BIM Level 2, as mandated on all centrally funded public projects from April 2016 (England) and 2017 in Scotland, is a project based requirement. The mandate requires projects to be set up so the information can be shared. The right information accessible at the right time to the right people.
Many practitioners consider BIM to be a tool, an application, when in fact BIM refers to an environment within which various tools and processes are applied. It has been easier for organisations to invest in technology to ‘do BIM’ than to effect the sort of organisational change that true BIM exploitation requires.
Is there sufficient understanding/appetite/momentum within the industry for the scale of change required to fully exploit BIM? There is a mandate but few construction clients understand their role in setting out their Information Requirements (EIR) in a BIM brief at the start of the project and are led by the industry and their suppliers into paying more for 3D models that are of very little value downstream, particularly from an FM perspective. What we see is ‘new’ technology shoehorned into existing process and that is the fundamental issue currently causing frustration amongst our customers.
Bim4Analysis is a campaign to integrate analysis within the BIM process, enabling VE users to take advantage of valuable information during design, commissioning and operation. The strategy is concerned with implementing BIM as a mechanism to deliver Value, Cost and Carbon Improvement on all projects.
The holy grail is a single workflow. From an engineering perspective this means engineers inputting information into a 3D model format to inform coordination. When the coordinated layout changes the update is seamless and bi-directional. There is currently no robust solution on the market to facilitate this. Engineers use a mix of formats including spreadsheets – uncontrolled, inconsistent; standalone analysis and some integrated analysis (eg MagiCAD).
We consider the VE as a single platform for creation and capture of performance data useable and useful during design, commissioning and operational life of the building. Compliance (Part L, BREEAM, LEED) is a necessity on most projects. Currently this requires a separate workflow to Design. Our solution is to develop a single ‘analysis’ model from the BIM model at the appropriate stages of the project and to run the calculations from that one ‘analysis’ model thus ensuring that the designers are using the most up to date information. When the design changes, the BIM model is again imported, with the relevant data and the various calculations are run again with results sent back to the BIM models (Interoperability). When the project is set up for collaboration and the process is understood it becomes easier.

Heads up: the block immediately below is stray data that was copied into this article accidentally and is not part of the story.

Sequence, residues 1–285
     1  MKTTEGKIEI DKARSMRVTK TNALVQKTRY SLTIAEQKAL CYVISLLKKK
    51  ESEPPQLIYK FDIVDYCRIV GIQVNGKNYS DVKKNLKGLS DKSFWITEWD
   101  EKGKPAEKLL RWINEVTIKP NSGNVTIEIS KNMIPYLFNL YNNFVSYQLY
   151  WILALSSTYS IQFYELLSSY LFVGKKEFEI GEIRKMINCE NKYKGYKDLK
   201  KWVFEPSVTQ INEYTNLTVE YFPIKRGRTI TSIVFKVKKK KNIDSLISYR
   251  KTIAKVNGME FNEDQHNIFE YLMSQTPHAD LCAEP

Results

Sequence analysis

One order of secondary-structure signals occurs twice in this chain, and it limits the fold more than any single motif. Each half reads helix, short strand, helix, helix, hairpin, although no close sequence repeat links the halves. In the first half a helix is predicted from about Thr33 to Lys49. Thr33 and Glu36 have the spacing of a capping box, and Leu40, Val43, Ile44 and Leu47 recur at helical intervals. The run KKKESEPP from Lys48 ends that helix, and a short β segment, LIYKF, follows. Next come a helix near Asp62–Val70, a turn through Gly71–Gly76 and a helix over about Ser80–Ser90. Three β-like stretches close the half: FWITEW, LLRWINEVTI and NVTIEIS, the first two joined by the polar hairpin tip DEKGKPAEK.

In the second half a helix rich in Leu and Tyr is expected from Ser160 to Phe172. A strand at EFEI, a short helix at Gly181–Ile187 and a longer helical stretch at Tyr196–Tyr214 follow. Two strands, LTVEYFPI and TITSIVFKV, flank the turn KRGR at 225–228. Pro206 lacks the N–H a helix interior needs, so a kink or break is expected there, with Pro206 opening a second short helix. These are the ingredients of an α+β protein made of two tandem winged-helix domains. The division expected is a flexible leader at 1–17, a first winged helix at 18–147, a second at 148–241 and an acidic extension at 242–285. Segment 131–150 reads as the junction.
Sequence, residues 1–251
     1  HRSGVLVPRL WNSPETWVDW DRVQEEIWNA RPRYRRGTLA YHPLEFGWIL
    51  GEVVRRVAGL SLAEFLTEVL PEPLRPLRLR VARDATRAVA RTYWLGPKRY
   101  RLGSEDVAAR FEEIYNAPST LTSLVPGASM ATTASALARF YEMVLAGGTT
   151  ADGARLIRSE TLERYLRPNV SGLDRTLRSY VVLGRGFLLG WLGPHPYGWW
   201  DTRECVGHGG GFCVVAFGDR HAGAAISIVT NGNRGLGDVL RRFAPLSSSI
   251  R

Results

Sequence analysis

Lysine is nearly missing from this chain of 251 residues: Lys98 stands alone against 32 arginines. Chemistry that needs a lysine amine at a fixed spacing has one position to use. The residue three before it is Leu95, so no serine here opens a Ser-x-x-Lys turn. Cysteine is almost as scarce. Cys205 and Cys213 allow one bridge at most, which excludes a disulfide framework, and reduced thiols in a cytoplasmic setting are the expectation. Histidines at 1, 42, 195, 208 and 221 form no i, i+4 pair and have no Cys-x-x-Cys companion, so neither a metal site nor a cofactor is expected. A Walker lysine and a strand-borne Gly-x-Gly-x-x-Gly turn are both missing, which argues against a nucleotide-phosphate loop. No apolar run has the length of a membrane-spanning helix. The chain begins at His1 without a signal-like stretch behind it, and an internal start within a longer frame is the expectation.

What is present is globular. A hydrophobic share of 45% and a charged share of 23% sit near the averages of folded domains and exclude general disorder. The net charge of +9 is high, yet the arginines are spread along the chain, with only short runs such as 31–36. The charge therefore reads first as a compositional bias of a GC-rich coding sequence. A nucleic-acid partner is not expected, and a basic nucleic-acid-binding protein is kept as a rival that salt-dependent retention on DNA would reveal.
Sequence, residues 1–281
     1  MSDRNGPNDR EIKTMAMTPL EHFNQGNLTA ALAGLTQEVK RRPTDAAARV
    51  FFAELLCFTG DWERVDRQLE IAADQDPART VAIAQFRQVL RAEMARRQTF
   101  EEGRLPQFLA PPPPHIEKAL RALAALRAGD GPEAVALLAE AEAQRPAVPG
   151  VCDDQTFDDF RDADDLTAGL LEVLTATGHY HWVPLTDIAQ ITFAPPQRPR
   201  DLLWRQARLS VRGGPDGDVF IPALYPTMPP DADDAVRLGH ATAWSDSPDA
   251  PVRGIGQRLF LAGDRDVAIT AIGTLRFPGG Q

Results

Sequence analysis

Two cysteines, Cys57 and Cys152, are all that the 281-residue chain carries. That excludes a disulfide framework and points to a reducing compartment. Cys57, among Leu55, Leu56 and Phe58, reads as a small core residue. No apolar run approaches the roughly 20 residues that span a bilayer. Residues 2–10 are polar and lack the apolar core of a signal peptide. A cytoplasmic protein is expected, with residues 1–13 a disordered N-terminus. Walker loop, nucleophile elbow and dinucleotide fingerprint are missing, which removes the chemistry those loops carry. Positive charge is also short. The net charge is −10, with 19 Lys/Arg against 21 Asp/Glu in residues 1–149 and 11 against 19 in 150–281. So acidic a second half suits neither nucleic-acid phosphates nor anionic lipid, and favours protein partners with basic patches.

The views expressed in this blog post are based on discussions with stakeholders from within IES and from our customer base (predominantly UK with some US input) and within the context of the work being undertaken by the UK Government to achieve BIM Level 2 on all public projects by 2016 and BIM Level 3 beyond [BIS BIM Strategy http://www.bimtaskgroup.org/wp-content/uploads/2012/03/BIS-BIM-strategy-Report.pdf].
On Thursday 28th January, we hosting the next instalment of our IES Faculty BIM webinar series. We’ll cover our BIM4Analysis strategy plus interoperability development work, helping you on your BIM journey ahead of this year’s Level 2 mandate in England and the BIM adoption strategy scheduled for 2017 in Scotland. Sign up for free here.
We want our customers to continue to influence our BIM4Analysis approach so we’re requesting questions and feedback on the lead up to this webinar. There are a number of ways you can send us your question – submit it here, tweet us using the #BIMfaculty hashtag or post on the IES Facebook page, and we’ll do our best to report back during the seminar. Questions and answers will also be collated into an FAQ document which we’ll circulate after the event.
IES Director, David McEwan explains why you need to be…
There are still many companies that don’t have sustainability or energy management as a priority on their agendas. With new government regulations such as ESOS (Energy Savings Opportunity Scheme) emerging, they may find themselves scrambling to keep up and get on board fast.
ESOS has been introduced to help the UK meet its requirements under the EU Energy Efficiency Directive and is expected to affect more than 9,000 of the largest companies in the UK. The scheme requires these companies to undertake mandatory assessments looking at energy use and energy efficiency opportunities at least once every four years.
ESOS compliant energy audits must determine total energy consumption (using verifiable energy data) over a consecutive 12-month period known as the reference period. What many miss in the detail, is that the reference period must overlap with the qualification date and end before 5th December 2015. This means that 5th December this year is the absolute latest date you can start to monitor your energy consumption. If you have nothing in place, you’ll need to get started!